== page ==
Bio: Hristina Cipusheva is an academic researcher from South East European University. The author has contributed to research in topics: Emigration & Public policy. The author has an hindex of 3, co-authored 6 publications receiving 28 citations.
TL;DR: In this paper, the authors explored the relationship between the quality of life, social exclusion, and policies towards regional and local economic development in the former Yugoslav Republic of Macedonia and provided a detailed picture of the situation facing households across regions.
Abstract: The paper focuses on regional disparities in the quality of life in the Former Yugoslav Republic of Macedonia It explores the relationship between the quality of life, social exclusion, and policies towards regional and local economic development The paper is based on a household survey carried out in August 2008 which provides a detailed picture of the situation facing households across regions Overall, the survey shows that there are large regional disparities in life satisfaction, indicating an important role for regional policy in improving the life experience of people living in the most deprived parts of the country The paper concludes with a number of recommendations for improving the focus of regional policies to ensure a higher quality of life in the deprived regions of Macedonia
TL;DR: Rizvi et al. as discussed by the authors focused on three countries of the Western Balkans: Albania, Macedonia, and Kosovo, and focused on two important subsets of the skilled population of each country: students and skilled returnees.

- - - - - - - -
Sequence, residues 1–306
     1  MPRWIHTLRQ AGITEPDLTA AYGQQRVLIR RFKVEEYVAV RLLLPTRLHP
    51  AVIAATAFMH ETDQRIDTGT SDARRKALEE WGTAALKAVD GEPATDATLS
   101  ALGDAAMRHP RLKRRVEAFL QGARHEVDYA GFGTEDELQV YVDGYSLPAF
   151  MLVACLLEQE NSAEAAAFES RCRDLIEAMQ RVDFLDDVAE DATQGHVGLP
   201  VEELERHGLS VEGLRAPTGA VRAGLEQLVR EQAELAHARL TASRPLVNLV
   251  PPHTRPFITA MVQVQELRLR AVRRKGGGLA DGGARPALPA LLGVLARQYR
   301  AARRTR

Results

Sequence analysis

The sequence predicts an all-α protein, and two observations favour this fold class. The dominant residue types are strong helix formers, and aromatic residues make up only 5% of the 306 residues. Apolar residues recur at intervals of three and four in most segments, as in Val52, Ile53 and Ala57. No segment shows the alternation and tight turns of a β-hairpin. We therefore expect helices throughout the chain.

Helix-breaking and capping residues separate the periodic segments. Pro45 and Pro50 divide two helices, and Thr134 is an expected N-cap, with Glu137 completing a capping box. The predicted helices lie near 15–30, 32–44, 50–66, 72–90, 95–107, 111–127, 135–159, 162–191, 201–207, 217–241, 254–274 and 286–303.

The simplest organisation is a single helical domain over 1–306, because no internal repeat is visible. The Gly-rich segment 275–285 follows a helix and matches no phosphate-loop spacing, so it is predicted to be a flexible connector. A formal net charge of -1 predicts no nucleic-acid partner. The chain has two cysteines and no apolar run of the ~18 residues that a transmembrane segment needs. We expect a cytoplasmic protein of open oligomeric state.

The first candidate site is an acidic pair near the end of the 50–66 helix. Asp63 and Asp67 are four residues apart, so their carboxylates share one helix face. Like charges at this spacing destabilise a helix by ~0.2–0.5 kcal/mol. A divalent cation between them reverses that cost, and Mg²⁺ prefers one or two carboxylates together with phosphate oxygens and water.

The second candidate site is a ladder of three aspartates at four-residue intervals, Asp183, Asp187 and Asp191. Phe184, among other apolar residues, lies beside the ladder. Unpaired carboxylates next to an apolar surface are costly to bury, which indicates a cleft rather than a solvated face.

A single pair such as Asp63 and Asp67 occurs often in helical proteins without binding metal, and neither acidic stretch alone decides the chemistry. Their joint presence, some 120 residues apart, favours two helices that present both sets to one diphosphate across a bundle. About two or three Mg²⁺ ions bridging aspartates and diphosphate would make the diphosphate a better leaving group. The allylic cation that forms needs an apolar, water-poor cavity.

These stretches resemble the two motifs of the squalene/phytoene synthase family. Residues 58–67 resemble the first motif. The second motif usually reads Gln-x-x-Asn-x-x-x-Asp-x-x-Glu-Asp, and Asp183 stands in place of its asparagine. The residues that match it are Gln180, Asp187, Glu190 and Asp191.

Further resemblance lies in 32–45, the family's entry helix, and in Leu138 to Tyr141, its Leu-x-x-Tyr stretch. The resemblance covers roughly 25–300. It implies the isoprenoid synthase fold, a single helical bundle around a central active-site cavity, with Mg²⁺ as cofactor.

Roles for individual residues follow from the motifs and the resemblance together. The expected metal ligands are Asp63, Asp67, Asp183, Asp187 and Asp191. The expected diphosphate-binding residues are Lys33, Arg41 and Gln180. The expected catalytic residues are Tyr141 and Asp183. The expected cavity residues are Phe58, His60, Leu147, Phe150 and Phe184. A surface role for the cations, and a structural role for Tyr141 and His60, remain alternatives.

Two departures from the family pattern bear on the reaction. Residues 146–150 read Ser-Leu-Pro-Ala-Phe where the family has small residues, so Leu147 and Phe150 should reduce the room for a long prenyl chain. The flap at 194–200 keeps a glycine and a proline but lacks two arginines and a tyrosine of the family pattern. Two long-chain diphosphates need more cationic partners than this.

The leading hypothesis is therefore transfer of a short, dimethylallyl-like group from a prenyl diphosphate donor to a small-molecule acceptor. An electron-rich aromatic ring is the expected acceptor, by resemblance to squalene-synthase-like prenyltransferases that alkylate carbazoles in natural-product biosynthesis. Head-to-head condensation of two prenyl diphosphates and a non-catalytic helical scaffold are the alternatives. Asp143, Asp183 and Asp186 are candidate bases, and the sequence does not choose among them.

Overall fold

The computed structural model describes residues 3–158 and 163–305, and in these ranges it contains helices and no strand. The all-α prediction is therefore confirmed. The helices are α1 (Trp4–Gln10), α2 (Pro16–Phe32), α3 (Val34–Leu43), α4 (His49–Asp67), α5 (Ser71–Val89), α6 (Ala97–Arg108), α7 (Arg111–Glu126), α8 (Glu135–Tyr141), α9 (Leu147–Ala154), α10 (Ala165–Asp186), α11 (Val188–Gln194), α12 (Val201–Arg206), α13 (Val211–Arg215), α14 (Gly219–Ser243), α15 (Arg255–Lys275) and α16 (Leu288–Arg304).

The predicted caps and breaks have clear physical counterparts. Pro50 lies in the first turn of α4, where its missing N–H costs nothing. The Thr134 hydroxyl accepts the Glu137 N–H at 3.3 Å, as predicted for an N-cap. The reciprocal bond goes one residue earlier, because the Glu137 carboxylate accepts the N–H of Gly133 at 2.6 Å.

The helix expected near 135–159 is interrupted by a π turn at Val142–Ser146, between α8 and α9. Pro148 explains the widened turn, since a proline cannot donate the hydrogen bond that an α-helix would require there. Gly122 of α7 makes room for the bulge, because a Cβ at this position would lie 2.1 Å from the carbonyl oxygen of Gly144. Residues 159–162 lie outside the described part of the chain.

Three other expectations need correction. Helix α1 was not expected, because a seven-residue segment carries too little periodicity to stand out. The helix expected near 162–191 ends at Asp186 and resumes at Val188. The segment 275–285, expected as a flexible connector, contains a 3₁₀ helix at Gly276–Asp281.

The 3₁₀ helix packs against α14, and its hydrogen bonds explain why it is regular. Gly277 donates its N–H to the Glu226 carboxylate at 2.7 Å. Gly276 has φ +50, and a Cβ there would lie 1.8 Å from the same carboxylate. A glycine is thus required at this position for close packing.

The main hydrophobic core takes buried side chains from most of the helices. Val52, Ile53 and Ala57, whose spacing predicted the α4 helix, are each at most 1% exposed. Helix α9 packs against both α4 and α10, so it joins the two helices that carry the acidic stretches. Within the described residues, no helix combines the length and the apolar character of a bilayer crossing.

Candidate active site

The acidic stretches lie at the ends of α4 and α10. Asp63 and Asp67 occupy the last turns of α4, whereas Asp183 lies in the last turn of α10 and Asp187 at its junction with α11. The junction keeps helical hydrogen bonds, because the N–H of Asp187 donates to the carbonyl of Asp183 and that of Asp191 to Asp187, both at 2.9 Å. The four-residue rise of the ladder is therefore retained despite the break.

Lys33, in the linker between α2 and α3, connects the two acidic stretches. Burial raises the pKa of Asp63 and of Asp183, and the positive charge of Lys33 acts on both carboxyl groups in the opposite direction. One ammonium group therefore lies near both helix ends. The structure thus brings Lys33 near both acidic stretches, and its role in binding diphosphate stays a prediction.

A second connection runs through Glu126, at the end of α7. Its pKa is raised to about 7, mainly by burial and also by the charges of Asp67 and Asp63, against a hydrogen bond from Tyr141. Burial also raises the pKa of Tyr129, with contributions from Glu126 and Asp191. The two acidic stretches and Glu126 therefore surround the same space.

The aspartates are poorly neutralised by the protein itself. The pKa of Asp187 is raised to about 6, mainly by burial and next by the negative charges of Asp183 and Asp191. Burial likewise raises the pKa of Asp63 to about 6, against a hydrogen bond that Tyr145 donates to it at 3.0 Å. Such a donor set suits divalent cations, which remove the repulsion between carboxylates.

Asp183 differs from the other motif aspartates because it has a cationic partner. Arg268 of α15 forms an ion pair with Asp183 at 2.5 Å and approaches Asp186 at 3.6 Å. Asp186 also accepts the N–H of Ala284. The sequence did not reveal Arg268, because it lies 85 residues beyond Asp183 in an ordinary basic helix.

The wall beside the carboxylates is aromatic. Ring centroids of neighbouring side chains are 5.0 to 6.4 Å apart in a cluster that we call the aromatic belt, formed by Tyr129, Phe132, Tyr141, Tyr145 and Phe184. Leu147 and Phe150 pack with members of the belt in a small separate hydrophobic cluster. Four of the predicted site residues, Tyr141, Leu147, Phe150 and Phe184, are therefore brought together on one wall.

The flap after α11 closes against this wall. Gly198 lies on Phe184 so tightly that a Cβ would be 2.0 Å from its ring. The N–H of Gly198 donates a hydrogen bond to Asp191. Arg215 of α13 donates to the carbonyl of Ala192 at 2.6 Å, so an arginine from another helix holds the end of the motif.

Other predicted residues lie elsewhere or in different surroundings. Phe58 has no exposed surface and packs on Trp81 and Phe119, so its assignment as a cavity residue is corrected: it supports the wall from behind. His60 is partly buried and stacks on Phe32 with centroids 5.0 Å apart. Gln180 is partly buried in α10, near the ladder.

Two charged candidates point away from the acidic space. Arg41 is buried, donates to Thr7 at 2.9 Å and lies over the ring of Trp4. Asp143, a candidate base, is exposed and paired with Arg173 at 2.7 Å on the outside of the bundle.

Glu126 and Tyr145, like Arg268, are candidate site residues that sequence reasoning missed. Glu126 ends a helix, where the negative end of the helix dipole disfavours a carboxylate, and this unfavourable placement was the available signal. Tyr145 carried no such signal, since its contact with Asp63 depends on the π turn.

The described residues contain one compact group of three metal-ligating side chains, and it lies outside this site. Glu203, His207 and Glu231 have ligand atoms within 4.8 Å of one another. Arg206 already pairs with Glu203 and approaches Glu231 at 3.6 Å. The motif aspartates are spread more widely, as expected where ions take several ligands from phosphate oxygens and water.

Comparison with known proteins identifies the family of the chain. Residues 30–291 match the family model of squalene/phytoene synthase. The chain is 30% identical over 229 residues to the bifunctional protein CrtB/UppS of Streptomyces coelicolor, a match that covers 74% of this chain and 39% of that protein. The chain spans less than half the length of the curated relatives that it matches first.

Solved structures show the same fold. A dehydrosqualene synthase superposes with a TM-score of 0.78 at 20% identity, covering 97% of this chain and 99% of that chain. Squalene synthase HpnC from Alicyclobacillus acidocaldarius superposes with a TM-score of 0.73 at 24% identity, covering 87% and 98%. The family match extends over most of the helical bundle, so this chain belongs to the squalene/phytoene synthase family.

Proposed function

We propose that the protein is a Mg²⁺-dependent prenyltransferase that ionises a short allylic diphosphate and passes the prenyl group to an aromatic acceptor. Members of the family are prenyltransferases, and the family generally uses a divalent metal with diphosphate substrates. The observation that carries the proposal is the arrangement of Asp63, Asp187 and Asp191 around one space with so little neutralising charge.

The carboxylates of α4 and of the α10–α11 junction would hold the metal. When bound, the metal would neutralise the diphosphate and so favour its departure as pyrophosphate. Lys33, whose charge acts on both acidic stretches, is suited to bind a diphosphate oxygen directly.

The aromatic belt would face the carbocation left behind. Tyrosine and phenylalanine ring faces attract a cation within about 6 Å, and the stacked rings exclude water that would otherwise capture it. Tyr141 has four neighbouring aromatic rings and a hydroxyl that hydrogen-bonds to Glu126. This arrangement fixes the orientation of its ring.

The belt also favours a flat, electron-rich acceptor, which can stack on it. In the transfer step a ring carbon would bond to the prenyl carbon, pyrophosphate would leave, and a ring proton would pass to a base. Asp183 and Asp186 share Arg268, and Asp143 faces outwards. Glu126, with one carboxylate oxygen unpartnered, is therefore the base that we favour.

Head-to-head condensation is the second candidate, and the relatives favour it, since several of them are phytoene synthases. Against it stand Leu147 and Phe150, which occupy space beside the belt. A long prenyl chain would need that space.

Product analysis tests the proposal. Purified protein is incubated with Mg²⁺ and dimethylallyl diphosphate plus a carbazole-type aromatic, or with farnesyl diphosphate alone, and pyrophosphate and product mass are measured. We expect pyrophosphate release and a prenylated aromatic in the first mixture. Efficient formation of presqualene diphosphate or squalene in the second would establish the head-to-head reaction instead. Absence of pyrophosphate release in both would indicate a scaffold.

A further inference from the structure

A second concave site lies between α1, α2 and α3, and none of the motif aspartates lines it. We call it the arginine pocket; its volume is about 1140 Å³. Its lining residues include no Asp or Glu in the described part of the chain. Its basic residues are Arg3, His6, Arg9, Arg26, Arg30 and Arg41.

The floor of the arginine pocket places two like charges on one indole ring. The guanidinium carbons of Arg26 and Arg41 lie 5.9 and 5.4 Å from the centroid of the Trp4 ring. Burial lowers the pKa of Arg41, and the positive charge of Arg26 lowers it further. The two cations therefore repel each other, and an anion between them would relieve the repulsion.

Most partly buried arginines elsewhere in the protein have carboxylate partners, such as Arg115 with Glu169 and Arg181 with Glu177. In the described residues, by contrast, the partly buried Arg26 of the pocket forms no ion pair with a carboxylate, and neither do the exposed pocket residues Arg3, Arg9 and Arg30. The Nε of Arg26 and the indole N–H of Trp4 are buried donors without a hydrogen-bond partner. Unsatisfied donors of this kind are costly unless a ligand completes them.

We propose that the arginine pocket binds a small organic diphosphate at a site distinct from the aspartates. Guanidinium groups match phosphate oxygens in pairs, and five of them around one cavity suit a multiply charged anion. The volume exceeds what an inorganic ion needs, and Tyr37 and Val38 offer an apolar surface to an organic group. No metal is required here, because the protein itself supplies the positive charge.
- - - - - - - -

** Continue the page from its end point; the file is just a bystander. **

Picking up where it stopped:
Abstract: Countries of the Western Balkans constitute an important part of the contemporary system of migration. Three important factors shape the current migration ﬂows in the region: the socialist legacy, existing migrant networks, and migration policies, mainly of the receiving countries. This study focuses on three countries of the Western Balkans: Albania, Macedonia, and Kosovo. Unlike nationals of Albania, whence exit was near impossible, citizens of Macedonia and Kosovo, being constituent parts of the former Yugoslavia, enjoyed relative freedom of movement across Europe and they have traditionally been source countries of labor migration. The collapse of the socio-economic and political order that attended upon the breakup of the former Yugoslavia was accompanied by ethnic conflicts of the 1990s, high unemployment, and general impoverishment of large sections of the population. These factors, coupled with the onset of transition to a market economy, further strengthened the networks of labor migration throughout Europe that were created by nationals of the Western Balkan. The refugee regimes and immigration policies of major destination countries of the OECD played a significant role in this process. Today, many of these countries contain the bulk of the diaspora from the Western Balkans, including the three countries under study.1. 2 Objectives and Scope of the Study The overall objective of this research is to offer interested readers and policymakers an insight into the dynamics of skill migration and brain circulation within the Western Balkans-OCED corridor. The study focuses on three countries of the Western Balkans: Albania, Macedonia, and Kosovo. To achieve the overall objective, we begin by offering a synopsis of the size, nature, and characteristics of the skilled diaspora from the three countries drawing upon all available information. The study then focuses upon two important subsets of the skilled population of each country: students and skilled returnees. Specifically, we target pre-final and final year students at the tertiary level as they are expected to be highly outwardly mobile and thus ideally suited to study the phenomenon of skill migration, and, a fortiori, as the number of students studying outside the countries of their origin has been increasing rapidly over the last quarter of a century -- from less than half a million in the mid-1980s to almost three million by 2011 (Rizvi, 2011). Consequently, international student mobility is increasingly recognized to be the most important vehicle of brain circulation between the developing south and the developed north. Similarly, given the interest of policy-makers in brain gain, the study targets the skilled subset of return migrants. Thus, the study seeks to answer two important research questions: 1. What motivates tertiary level students to migrate from the country of origin and what is the potential of migration from the selected countries of the Western Balkans? 2. Why do some highly skilled members of the Diasporas return home, and what obstacles and opportunities await them upon return? The study tackles the above questions utilizing all available information, and, more importantly, by collecting primary data using both quantitative and qualitative methods. The study further seeks to contribute to our cumulative knowledge in the field of brain drain/gain/circulation by identifying common patterns among the Albanian, the Macedonian, and the Kosovar skilled returnees and would-be student migrants. Finally, the study aims to discuss the policy implications of the observed patterns of emigration and return migration for leveraging the skilled diaspora for development.